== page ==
We have all had this conversation: “I would like to see… (insert developer here) … make a… (insert franchise here)… game”. Gamers are an imaginative bunch, and it’s fun to let the mind run wild with endless scenarios involving unlikely developers taking the reins of an established franchise. Ever since the release, and woeful cancellation of Silent Hills, I have become more curious than ever as to what some of gaming’s greatest franchises might look like in different hands. “Pipe Dreams” is a series devoted to that very idea. As the title implies, these are just fanciful scenarios. As much as I would like to see these dream pairings happen, there are a number of reasons why they would not, and could not.
For the first installment, I decided to focus on a franchise that has, by all accounts, completely fallen from grace: Sonic the Hedgehog. This once-great series needs no introduction, nor does its continual downward trend towards mostly disappointing releases over the past decade or so. 2006’s Sonic the Hedgehog, in particular, felt like a death-blow to a character that used to give Mario a run for his money. If Sega is having such difficulty breathing new life into the “Blue Blur”, then what developer could take over? My vote goes to a developer that has experience in resurrecting a franchise, and has a deep understanding of the platforming genre: Ubisoft Montpellier. I believe Ubisoft Montpellier could breathe new life into the Sonic franchise and restore the sense of speed the series was once known for. I think Ubisoft could restore Sonic’s identity, which has been all over the place for far too long.
In 1995, Ubisoft released Rayman on the Sony Playstation. Lauded for its animation and music, Rayman had the player guiding the titular character through six dreamlike worlds to stop the nefarious Mr. Dark. The game was very well received. Naturally, a sequel was greenlit, and this time in 3D, which was also met with acclaim. Further sequels saw a gradual decline in critical reception, with titles like Rayman Arena ditching platforming for couch co-op minigames. Eventually, the series shifted fully to a minigame approach during what I will refer to as the “Rabbids Era.” It would be six years before we got another true Rayman title, in the form of Rayman: Origins. A rebirth of sorts, Rayman Origins recaptured the magic of the original and managed to push the series forward with gorgeous cartoon-like visuals and an amazing sense of pace. The game proved that there was still a place for traditional 2D platforming.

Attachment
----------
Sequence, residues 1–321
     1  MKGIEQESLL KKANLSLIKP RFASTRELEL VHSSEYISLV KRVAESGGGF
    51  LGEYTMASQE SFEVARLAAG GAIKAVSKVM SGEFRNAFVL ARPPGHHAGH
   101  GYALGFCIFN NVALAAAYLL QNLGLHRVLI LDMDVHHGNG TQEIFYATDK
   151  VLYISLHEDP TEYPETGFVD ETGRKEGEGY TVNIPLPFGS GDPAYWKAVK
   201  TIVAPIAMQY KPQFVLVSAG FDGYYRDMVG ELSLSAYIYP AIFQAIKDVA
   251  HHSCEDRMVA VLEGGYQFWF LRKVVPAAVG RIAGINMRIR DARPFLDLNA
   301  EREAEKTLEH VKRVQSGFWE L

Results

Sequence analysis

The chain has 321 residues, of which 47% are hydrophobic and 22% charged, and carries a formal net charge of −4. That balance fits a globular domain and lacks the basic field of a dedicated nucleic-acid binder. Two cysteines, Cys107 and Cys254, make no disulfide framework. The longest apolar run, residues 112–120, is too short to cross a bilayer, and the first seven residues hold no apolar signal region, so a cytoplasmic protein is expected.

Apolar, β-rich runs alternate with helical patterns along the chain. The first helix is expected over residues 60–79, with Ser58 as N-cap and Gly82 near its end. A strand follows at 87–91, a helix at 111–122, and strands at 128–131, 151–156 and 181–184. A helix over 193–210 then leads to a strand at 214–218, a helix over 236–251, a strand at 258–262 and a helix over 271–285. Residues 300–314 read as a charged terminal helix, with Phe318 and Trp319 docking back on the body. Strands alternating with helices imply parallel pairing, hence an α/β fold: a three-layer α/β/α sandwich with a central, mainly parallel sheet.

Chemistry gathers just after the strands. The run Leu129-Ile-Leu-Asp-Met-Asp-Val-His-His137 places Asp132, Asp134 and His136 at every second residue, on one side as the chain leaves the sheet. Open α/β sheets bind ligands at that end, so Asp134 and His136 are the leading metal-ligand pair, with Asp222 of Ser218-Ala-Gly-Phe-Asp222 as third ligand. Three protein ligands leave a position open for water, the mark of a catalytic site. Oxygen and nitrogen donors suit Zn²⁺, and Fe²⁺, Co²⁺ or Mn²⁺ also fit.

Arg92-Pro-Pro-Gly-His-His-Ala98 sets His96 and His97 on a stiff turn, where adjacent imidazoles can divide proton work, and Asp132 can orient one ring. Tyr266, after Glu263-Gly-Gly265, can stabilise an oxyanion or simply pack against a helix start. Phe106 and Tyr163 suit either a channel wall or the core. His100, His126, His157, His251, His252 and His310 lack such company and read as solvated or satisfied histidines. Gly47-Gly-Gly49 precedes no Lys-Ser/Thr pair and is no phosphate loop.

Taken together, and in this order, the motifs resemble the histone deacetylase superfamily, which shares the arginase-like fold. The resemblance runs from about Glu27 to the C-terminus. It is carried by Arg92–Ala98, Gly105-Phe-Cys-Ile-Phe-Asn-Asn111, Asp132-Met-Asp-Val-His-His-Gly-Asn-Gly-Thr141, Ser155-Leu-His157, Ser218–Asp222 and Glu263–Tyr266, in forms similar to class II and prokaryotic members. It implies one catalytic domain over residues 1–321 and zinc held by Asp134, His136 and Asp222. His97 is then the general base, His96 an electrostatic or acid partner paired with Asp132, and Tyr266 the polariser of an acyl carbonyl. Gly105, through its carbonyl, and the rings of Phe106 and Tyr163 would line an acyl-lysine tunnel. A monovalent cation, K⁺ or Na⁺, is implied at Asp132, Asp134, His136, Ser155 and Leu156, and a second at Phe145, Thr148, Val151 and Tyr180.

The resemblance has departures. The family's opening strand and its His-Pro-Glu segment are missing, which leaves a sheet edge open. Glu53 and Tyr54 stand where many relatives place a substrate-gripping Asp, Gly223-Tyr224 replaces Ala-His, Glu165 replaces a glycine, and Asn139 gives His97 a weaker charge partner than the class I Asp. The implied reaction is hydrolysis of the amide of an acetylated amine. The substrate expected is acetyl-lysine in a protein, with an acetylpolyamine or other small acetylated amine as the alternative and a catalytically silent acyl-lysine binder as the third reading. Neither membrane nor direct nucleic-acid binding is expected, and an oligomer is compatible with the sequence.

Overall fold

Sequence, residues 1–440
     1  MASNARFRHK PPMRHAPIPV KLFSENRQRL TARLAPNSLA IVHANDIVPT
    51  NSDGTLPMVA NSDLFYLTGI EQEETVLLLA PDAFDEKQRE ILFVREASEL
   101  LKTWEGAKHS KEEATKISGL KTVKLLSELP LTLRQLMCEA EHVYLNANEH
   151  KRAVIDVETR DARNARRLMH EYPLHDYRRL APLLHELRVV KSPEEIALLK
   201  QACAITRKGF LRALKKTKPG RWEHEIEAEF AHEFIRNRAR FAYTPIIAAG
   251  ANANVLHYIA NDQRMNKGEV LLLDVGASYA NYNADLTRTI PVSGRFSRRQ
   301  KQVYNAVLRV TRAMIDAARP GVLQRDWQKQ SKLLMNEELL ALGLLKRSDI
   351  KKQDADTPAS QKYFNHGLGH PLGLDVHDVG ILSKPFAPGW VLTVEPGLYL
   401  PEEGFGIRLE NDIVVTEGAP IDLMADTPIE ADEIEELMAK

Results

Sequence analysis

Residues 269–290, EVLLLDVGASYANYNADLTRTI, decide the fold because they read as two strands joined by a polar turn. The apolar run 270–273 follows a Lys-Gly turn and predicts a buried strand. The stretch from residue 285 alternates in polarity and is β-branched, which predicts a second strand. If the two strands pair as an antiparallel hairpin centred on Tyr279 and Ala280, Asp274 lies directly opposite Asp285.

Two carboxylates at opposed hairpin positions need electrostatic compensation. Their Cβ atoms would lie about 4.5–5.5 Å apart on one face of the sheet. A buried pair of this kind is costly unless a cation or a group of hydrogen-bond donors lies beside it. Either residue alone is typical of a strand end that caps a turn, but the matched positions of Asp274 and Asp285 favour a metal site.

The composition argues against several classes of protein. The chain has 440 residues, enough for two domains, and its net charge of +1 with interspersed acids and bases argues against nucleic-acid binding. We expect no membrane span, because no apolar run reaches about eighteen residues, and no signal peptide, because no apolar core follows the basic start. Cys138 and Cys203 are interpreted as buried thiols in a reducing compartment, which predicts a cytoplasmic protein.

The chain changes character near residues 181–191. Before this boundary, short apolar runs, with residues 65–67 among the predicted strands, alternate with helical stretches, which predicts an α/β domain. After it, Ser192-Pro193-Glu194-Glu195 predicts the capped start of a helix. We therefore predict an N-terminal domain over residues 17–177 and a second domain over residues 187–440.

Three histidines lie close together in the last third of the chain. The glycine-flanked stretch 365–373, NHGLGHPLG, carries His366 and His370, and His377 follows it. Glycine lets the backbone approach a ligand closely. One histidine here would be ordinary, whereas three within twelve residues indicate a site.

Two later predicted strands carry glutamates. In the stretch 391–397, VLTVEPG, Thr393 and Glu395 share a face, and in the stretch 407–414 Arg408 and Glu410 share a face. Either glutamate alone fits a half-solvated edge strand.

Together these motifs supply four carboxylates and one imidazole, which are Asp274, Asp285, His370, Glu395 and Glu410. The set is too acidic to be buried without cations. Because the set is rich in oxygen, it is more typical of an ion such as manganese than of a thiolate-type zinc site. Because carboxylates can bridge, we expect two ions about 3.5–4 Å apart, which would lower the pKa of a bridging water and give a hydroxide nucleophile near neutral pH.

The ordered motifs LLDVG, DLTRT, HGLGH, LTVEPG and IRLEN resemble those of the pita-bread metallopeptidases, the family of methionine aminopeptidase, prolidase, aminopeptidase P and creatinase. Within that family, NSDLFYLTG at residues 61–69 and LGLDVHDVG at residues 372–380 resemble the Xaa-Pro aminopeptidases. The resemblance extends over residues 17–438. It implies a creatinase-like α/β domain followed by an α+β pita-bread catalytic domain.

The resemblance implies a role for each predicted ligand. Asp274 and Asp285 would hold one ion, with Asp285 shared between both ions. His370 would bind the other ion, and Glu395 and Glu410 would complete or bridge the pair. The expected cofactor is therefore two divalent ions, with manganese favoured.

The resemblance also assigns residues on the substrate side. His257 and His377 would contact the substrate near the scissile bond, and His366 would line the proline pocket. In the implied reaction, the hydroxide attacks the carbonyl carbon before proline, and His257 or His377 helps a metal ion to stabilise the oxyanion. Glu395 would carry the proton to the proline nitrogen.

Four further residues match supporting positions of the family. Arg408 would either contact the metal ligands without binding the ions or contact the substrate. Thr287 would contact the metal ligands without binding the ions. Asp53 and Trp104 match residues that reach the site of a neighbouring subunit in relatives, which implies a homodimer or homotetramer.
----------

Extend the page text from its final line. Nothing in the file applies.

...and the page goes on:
Looking at the life cycle of the Rayman series, it actually shares a few similarities with that of Sonic. Both series started out as breakout hits, and made an eventual transition to 3D (although, arguably, Rayman fared much better). In addition, both series fell off in quality at some point, and moved away from what made them great games in the first place. The difference is that Ubisoft actually managed to resurrect Rayman while Sega has continually struggled to recapture the magic of Sonic’s glory days. If Ubisoft were given control of Sega’s trademark franchise, I think they could make a great game by simply following in the footsteps of Rayman Origins and Rayman Legends. Going back to the series’ roots. What made Sonic fun? What are the fundamental elements that need to stay intact in order for this game to feel like a Sonic game?
Sonic was all about speed. It was the defining element that made Sonic stand out from the mass of ‘90s platformers. The way you could fly through loops, and catch air, only to hit a boost that led to even more speed was extremely satisfying. Through Sonic’s many changes over the years, he has seemed to lose this simple, fundamental element of his identity. There have been many attempts to translate Sonic’s trademark speed to 3D, but it just doesn’t seem to work, or moves too far away from the original formula.